(CNN) - Missouri Sen. Claire McCaskill said Tuesday that police officers across the country should be required to wear body cameras in order for their departments to qualify for federal funds.
McCaskill believes that the ubiquity of cameras gives way to incidents in which only part of the story is recorded, seen or understood. So, a body camera on every officer will not only protect citizens against police misconduct, but also protect officers from wrongful accusations.
"Everywhere I go people now have cameras," said McCaskill, a Democrat. "And police officers are now at a disadvantage, because someone can tape the last part of an encounter and not tape the first part of the encounter. And it gives the impression that the police officer has overreacted when they haven't."
McCaskill made the comments at an event in Springfield, Missouri, where she answered questions about the shooting of Michael Brown by Ferguson Police Officer Darren Wilson, CNN affiliate KOLR reported.
In the wake of the shooting and community outrage to the response from Ferguson police, McCaskill has called for congressional hearings to examine a Defense Department program that allows local police departments to acquire military weaponry.
Already, President Barack Obama has called for a review of programs that allow for the transfer of military weapons to the police.
Section 1208 in the National Defense Authorization Act has allowed the Defense Department to grant military hardware to local law enforcement since 1990. A law enforcement support program, the military's Defense Logistics Agency, was established in 1999 to facilitate law enforcement militarization.
McCaskill said Thursday she hopes the Senate will embrace her body camera proposal and that it will eventually become law.
"I would like to see us say, 'If you want federal funding in your community, you've got to have body cams on your officers,'" she said. "And I think that would go a long way towards solving some of these problems, and it would be a great legacy over this tragedy that's occurred in Ferguson, regardless of what the facts say at the end as to whether or not anyone is criminally culpable."
CNN's John King and other top political reporters empty out their notebooks each Sunday on “Inside Politics” to reveal five things that will be in the headlines in the days, weeks and months ahead.
WASHINGTON (CNN) – A Missouri Democratic family feud, a Kentucky Senate tactic worth tracking and some new nuggets about the busy 2016 GOP presidential maneuvering made for an action packed trip around the Inside Politics table: FULL POST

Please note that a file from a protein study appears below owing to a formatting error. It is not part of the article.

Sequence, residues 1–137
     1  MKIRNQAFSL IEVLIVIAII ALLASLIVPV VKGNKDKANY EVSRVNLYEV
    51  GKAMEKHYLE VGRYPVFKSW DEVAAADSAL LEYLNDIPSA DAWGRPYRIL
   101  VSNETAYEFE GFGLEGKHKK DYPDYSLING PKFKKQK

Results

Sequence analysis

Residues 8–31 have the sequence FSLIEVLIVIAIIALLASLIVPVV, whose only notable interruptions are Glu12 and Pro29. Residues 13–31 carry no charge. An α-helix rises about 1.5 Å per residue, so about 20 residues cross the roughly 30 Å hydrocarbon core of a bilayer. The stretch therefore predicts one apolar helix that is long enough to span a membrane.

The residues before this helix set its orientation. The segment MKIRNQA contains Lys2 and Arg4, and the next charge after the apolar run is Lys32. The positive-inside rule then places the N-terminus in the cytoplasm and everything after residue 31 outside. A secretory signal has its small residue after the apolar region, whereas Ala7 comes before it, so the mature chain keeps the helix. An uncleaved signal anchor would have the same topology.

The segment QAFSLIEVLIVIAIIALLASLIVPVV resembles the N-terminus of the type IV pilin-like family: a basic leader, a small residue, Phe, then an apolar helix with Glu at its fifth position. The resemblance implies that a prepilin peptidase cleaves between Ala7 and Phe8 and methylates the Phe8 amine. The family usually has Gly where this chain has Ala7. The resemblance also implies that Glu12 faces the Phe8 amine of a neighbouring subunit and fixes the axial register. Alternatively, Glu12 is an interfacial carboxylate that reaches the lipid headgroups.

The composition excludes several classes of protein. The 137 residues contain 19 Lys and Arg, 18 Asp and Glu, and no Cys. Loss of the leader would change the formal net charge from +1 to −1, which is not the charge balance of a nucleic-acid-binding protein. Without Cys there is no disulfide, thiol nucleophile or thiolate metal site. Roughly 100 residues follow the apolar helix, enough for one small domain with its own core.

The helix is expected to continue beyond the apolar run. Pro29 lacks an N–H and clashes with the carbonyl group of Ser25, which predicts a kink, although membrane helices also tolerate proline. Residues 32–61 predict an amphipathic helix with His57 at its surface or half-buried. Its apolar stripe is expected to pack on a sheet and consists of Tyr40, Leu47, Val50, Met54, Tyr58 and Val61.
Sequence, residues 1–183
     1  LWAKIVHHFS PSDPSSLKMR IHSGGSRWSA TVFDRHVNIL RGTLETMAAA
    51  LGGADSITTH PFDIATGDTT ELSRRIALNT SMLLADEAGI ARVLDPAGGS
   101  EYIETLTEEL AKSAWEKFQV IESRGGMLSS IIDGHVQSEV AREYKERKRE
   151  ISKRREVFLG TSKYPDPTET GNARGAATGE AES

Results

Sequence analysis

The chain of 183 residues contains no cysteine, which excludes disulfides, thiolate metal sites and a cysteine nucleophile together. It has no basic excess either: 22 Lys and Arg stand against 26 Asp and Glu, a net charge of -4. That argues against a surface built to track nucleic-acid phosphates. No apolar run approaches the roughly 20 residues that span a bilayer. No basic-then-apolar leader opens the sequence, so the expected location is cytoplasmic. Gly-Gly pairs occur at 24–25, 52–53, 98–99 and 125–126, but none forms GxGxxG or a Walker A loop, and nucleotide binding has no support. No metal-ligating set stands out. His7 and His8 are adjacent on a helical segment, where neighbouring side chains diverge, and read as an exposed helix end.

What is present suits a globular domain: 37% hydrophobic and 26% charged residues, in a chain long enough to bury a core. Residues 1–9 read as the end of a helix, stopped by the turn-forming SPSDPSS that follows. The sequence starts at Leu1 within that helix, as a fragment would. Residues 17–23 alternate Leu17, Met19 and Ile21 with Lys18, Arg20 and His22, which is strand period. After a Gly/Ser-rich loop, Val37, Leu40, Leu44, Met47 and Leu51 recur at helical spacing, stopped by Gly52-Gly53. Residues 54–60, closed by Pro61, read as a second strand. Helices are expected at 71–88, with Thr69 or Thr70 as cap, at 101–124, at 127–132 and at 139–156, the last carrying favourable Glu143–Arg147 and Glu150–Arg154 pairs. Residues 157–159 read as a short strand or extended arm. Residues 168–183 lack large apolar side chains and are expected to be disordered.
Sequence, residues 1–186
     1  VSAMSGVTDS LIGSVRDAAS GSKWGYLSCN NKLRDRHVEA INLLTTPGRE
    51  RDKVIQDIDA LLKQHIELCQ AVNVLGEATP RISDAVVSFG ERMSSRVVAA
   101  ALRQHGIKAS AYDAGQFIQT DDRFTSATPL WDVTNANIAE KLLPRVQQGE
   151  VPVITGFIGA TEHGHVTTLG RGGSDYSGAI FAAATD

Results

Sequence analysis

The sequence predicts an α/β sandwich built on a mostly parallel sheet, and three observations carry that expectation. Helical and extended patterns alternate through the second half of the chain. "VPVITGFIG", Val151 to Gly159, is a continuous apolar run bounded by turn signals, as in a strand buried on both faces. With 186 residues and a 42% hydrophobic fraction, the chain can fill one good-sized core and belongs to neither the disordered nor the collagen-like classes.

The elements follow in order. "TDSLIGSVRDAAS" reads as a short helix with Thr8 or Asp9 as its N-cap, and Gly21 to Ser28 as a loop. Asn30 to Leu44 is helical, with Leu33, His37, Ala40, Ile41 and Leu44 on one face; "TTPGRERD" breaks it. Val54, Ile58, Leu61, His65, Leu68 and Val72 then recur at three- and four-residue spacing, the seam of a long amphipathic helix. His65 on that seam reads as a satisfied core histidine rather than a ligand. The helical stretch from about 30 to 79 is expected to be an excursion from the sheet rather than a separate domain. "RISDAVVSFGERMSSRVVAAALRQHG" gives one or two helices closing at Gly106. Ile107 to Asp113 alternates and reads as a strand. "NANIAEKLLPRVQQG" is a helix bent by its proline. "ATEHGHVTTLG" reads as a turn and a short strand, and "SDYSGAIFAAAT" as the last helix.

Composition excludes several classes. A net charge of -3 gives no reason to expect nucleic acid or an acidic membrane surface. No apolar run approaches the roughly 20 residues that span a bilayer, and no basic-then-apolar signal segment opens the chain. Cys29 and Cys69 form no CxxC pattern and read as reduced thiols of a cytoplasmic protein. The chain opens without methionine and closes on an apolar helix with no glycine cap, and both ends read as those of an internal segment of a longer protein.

(CNN) - Hillary Clinton can add one more accolade to her resume for any future presidential runs, an award that will be given to her by a Bush, former Florida Governor Jeb Bush.
In September, Clinton is scheduled to receive the National Constitution Center's 2013 Liberty Medal, which seeks to honor men and women who promote freedom around the world.
(CNN) – An early endorsement this week for a 2016 presidential run by former Secretary of State Hillary Clinton merited a phone call from the potential candidate, according to Sen. Claire McCaskill.
Clinton made the call after the senator's Tuesday announcement that she was endorsing a political action committee pushing a presidential run.
(CNN) - Sen. Claire McCaskill says she's supporting an independent political action committee that's urging Hillary Clinton to run for president in 2016.
The Democrat from Missouri Tuesday apparently became the first member of Congress to officially back the Ready for Hillary PAC.
(CNN) – Nearly six months after losing a Senate race and becoming a political punch line, former Rep. Todd Akin weighed in again on his controversial remarks about rape and pregnancy, saying in a recent interview he has "relived" the episode "too many times."
In an interview with CNN affiliate KSDK in St. Louis, the former Missouri congressman also hit back at Karl Rove, founder of the independent group American Crossroads, for his new group designed to recruit GOP candidates that won't make the same mistake as Akin.
(CNN) - Democratic Sen. Claire McCaskill of Missouri announced her support for same-sex marriage on Monday, joining high-profile names on both sides of the aisle who have endorsed the right for gay couples to legally wed.
"I have come to the conclusion that our government should not limit the right to marry based on who you love," she wrote on her Tumblr page. "While churches should never be required to conduct marriages outside of their religious beliefs, neither should the government tell people who they have a right to marry."
(CNN) - Sen. Claire McCaskill, D-Missouri, said even though her recent security pat-down at the airport was uncomfortable, she's glad that someone like her, a senator, goes through the screenings so they can see what the process is like for other passengers.
"The rules need to be the same for everyone and if more of us had that exposure to the system, perhaps we would be more aggressive about making sure that we're using our resources wisely when it comes to safety of the public," McCaskill told CNN on Capitol Hill.
(CNN) - Sen. Claire McCaskill, D-Missouri, was not happy after her encounter with Transportation Security Agency screeners on Monday.
(CNN) - Missouri Democratic Sen. Claire McCaskill won re-election Tuesday after defeating Republican Rep. Todd Akin, according to a CNN projection. With 24 percent of the estimated vote counted, McCaskill led Akin 53 percent to 40 percent.
McCaskill's victory is a major loss for Republicans who once saw her seat as a possible takeover target in their bid to win majority control of the Senate.